Code complaints languish in city, controller charges
Pittsburgh building inspectors fail to address about 16 percent of code violations as quickly as they should, according to an audit released Tuesday by City Controller Michael Lamb.
“They have a number of complaints that are not dealt with in a timely manner, and many of them are serious complaints — fire prevention, unsafe building conditions,” Lamb said.
“They need to better prioritize their actions down there to resolve complaints of a more serious nature in a more timely way.”
Auditors examined the status of 34,303 graffiti, fire prevention, electrical, demolition and other Bureau of Building Inspection complaints filed in 2006 and 2007. Of those, 5,008 went unresolved for an average of nine months.
The figures are from February, so they might be higher or lower now, said Lamb.
The inspection bureau has come under intense scrutiny from top city and state oversight officials this year after Public Safety Director Michael Huss discovered major fire safety violations in two Oakland apartments that housed primarily college students.
The buildings were closed in May until repairs were made, but their broken fire escapes and inoperable fire alarm systems highlighted an apparent lack of follow-through by city building inspectors.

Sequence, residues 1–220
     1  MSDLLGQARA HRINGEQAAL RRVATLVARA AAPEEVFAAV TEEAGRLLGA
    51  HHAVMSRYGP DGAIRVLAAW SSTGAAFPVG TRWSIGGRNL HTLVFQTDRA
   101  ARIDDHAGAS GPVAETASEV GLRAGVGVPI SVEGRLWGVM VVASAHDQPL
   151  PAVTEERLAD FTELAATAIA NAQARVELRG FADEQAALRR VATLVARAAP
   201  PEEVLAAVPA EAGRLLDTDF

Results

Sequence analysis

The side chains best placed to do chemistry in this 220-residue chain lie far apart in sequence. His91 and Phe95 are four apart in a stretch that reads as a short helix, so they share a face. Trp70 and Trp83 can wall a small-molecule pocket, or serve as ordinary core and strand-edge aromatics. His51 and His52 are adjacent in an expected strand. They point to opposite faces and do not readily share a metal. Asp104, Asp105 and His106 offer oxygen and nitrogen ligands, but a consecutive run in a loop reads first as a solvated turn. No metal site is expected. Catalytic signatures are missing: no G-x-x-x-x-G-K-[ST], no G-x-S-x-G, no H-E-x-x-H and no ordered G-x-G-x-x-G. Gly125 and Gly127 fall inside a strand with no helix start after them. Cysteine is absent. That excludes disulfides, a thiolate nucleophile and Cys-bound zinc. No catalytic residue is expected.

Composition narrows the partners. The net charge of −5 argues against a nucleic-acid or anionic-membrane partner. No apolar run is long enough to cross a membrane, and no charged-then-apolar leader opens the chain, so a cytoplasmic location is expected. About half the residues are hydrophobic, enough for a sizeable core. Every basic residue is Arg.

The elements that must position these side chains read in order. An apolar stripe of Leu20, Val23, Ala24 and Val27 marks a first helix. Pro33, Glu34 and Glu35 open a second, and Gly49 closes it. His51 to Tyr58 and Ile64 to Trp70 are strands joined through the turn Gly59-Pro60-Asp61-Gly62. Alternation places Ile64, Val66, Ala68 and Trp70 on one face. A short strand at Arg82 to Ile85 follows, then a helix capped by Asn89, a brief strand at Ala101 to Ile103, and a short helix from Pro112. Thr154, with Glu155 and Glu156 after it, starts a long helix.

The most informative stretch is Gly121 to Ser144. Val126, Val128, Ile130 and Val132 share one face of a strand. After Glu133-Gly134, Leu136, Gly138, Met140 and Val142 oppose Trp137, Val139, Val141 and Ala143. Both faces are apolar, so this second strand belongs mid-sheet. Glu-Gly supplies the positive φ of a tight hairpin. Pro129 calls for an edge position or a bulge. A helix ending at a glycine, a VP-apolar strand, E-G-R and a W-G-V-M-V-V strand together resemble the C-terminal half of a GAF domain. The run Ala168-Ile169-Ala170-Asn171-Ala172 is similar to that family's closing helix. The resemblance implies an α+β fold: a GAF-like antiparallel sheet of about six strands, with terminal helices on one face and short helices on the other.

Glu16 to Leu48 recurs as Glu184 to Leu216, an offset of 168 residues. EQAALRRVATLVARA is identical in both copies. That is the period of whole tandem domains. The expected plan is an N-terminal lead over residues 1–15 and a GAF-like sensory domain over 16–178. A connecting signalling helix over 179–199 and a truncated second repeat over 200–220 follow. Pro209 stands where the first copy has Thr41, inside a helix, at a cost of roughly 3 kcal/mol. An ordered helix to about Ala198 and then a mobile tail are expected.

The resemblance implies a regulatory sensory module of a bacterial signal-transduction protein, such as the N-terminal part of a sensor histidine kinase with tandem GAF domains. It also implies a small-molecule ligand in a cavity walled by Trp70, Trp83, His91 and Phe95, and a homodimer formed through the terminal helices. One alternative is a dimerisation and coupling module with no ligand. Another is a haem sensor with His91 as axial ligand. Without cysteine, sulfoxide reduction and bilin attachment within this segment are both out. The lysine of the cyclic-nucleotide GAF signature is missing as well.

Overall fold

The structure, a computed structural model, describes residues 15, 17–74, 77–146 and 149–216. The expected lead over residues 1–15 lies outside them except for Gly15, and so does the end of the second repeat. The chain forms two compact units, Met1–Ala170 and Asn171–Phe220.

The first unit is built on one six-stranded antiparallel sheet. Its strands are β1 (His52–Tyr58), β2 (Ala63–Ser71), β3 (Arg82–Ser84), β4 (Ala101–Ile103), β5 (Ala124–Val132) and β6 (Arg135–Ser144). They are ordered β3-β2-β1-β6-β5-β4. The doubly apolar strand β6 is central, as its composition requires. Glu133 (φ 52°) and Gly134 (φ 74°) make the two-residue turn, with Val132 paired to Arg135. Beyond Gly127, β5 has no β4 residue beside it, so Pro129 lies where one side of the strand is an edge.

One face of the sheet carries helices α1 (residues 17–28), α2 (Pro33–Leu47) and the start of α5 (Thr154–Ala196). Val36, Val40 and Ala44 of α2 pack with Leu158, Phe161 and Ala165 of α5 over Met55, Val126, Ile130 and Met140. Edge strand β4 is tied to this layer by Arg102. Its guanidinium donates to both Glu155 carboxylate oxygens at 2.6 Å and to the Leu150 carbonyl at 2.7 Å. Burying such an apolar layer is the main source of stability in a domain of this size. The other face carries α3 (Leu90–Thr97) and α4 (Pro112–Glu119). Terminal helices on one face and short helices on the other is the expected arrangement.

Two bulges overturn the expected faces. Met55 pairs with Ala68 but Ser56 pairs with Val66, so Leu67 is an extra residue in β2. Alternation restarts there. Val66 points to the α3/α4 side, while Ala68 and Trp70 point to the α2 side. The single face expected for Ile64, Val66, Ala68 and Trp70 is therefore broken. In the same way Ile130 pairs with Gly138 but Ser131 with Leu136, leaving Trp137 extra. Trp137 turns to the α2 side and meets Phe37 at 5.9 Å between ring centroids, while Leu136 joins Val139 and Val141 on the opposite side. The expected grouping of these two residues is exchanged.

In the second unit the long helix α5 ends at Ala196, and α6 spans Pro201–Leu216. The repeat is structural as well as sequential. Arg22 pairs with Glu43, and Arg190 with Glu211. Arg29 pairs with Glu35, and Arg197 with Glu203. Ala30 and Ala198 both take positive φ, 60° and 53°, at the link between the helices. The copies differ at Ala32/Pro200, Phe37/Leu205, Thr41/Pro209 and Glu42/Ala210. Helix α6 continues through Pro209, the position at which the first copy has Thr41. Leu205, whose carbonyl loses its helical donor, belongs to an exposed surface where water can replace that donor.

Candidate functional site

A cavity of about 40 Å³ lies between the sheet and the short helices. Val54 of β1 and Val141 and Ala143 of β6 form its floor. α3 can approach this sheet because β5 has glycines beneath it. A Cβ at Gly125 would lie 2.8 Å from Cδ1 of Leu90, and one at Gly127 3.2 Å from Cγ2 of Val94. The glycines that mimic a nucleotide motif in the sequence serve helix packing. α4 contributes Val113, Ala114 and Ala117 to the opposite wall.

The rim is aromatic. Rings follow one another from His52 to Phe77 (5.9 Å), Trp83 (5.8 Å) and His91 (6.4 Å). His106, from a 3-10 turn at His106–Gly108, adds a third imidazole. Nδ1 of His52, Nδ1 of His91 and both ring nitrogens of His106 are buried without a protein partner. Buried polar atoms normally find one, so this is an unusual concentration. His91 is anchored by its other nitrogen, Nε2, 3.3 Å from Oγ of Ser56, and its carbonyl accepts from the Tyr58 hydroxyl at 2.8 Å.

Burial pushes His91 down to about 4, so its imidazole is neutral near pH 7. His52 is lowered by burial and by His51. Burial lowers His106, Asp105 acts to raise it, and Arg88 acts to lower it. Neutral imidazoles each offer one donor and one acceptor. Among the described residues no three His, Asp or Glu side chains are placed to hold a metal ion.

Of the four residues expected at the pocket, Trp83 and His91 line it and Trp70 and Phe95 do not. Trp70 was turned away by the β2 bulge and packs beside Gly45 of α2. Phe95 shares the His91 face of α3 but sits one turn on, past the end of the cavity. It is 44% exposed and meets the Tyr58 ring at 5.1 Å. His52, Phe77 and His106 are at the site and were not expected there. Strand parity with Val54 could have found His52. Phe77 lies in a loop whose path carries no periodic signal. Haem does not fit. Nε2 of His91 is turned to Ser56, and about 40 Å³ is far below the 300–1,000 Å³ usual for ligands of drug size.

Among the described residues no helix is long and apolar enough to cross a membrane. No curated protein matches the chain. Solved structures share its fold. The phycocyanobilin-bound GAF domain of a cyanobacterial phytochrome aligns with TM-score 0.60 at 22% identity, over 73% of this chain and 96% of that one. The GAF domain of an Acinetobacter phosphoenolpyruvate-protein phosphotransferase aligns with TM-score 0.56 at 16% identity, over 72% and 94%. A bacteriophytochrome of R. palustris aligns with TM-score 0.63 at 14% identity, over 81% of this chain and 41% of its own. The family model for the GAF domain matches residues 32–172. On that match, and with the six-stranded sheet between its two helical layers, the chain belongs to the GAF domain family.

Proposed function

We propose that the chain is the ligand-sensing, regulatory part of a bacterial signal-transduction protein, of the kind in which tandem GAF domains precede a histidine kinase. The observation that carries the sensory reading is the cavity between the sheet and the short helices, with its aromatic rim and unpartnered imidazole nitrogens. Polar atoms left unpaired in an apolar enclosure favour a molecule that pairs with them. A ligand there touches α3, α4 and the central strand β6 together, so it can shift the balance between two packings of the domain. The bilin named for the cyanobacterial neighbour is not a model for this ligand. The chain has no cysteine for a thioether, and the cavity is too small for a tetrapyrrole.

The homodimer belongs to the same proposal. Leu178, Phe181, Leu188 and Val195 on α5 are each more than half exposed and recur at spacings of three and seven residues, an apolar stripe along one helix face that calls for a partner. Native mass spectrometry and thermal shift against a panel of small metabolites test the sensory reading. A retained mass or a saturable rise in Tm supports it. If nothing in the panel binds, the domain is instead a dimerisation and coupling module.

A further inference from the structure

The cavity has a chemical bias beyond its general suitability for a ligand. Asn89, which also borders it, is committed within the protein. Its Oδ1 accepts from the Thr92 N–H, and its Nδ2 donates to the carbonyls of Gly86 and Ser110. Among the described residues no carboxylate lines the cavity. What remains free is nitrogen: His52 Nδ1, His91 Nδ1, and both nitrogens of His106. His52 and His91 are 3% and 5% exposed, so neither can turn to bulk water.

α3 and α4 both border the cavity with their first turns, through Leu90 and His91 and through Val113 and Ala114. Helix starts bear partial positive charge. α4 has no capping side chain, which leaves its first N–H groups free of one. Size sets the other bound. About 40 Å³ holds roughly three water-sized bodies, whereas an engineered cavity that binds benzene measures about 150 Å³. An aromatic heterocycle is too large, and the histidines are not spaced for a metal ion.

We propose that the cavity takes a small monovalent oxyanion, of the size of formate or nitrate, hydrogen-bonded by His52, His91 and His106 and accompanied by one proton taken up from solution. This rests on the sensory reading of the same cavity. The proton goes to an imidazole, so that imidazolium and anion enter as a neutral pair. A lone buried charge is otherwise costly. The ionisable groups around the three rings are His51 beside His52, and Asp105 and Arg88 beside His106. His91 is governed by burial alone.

Lamb said his report is simply the latest part of his vow to audit each city department and bureau.
Though the Pittsburgh bureau’s 72 budgeted staff positions are fewer than in other cities such as Buffalo (90), Cincinnati (95), St. Louis (150) and Cleveland (170), Lamb said it should be able to do a better job.
The bureau’s $3.2 million operating budget is smaller than the four other cities’.
Lamb praised the bureau for conducting regular sweeps of blighted neighborhoods, in which inspectors concentrate on houses and businesses spanning a few blocks.
Bureau Chief Sergei C. Matveiev agreed with many of Lamb’s findings in a four-page response letter.
He said automating the department would increase efficiency, as would doubling the budget to demolish condemned buildings.
“A substantial commitment has been made to automate the bureau and reduce the time to process complaints,” said Matveiev, the third person to lead the bureau since Luke Ravenstahl became mayor in September 2006.
Ravenstahl increased demolition funds to $4 million this year, up from $2 million in 2007. Ravenstahl has proposed spending $5 million on demolitions in 2009. That would pay for about 625 demolitions at a cost of $8,000 per demolition, according to Lamb’s audit.
In September, the city purchased 12 wireless, handheld computers at $4,000 apiece for building inspectors to use in the field. The goal is to transmit complaints from the city’s 311 hot line to inspectors instantly in hopes of addressing them more quickly.
After a trial period, more computers might be purchased.